Papiss Cissé scored quite a good goal a few weeks ago. You may have heard about it at the time, or as a result of the steady proliferation of end of season reviews that have considered it to be among the best goals scored in the Premiership this season.
But where does it stand in comparison to some of the very best goals ever scored? To ask a question so soon after the goal was scored may smack of knee-jerkery berkery, but it does prompt discussion on what makes a goal worthy of placement in the pantheon that homes the all-time best.
The Guardian’s Jacob Steinberg once opined that there should be no definitive discussion of the ‘best goal ever’, rather that any such debate should incorporate different categories of goal – for example, best team goal, best header, best volley and so forth. The thinking behind it was to form some semblance of structure to the debate, whilst expanding the parameters to allow for logic. His theory was that, when comparing, say, Carlos Alberto to Zinedine Zidane, the finishing touch applied by the Brazilian cannot touch the Frenchman’s for technique and grace, for sheer mastery of the ball. However, one goal came from a fortuitous hooked cross that had little right to be an assist, while the other was the climax of a beautiful, state-of-the-art passing move that crystallised the very essence of an era-defining side. Which goal is better? Well, that all depends…
And so the debate will continue until such time as Millwall have won the Champions League with a team of expensively assembled space-age droids. What is the best goal, and why? And how? AND WHERE?! We will and can never know. But the reason that Cissé’s goal struck a particular chord with me is that it instantly evoked memories of two other goals that can be taken as its spiritual kin, forming a trinity of strikes that collectively provoke debate concerning the best goals ever scored.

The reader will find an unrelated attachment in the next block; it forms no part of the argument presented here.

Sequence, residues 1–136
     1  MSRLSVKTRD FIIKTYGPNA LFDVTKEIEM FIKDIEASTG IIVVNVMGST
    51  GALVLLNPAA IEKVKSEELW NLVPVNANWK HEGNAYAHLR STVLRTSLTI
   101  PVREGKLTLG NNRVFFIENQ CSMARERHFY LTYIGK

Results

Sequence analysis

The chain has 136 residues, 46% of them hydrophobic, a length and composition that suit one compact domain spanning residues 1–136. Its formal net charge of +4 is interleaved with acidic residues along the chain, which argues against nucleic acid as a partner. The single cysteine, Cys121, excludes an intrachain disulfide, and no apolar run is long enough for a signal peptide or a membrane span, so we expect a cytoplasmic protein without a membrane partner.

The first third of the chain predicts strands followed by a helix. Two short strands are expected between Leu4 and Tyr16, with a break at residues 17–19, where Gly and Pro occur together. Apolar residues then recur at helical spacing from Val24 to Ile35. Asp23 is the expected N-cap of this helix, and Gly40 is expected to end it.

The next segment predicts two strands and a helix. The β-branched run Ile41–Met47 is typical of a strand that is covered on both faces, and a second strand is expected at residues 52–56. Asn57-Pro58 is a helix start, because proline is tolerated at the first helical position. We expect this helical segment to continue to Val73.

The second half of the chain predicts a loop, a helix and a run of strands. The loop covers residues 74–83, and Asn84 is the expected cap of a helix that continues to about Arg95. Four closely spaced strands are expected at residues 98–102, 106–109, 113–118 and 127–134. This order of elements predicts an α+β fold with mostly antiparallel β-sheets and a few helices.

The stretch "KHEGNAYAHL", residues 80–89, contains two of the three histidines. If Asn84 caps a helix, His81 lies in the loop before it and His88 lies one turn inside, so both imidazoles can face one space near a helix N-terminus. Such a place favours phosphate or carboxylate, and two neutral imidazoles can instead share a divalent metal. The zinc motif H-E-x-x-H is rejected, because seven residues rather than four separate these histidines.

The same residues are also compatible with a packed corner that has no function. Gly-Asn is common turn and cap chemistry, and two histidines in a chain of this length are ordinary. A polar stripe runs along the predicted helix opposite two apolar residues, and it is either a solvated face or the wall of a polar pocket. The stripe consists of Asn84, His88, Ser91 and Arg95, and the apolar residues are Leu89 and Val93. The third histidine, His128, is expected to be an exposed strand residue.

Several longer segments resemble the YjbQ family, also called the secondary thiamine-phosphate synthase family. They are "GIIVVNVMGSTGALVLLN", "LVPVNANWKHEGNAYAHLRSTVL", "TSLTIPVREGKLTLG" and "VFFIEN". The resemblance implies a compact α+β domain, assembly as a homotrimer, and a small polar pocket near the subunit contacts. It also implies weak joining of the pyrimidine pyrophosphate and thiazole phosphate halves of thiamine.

Marco Van Basten and Roberto Carlos are not names that many football fans would naturally associate with each other, much less Cissé, but they all have something in common. To my mind, they have each scored the type of goal that occupy their own annex in the library of great goals. All three stand alone, as if they were communicated to us in a different language.
All three, to borrow the ‘Steinberg System’, would be ranked highly in the technique section of the all-time greats. I have rewatched many goals that have impressed me for any number of reasons, but these three goals in particular bear repeat viewings in the same way that you might rewind footage of a magic trick. ‘How did that happen?’ I wondered each time, after Van Basten, Carlos and Cissé achieved the implausible with the swing of a leg.
These three goals make for compelling stablemates, and not just for their aesthetic qualities. They all share the same element of raw wonder, the sense that no-one else could have ever tried such a thing. They also raise questions of the canon of great goals, and what it takes to get there…
Van Basten’s is frequently cited as the greatest goal of all time, largely due to the dramatic gravitas of being scored in the final of a major tournament. So few great goals are scored in finals, perhaps due to a fear of failure. Trying the spectacular and failing badly is a worse prospect when done in front of a global TV audience of billions.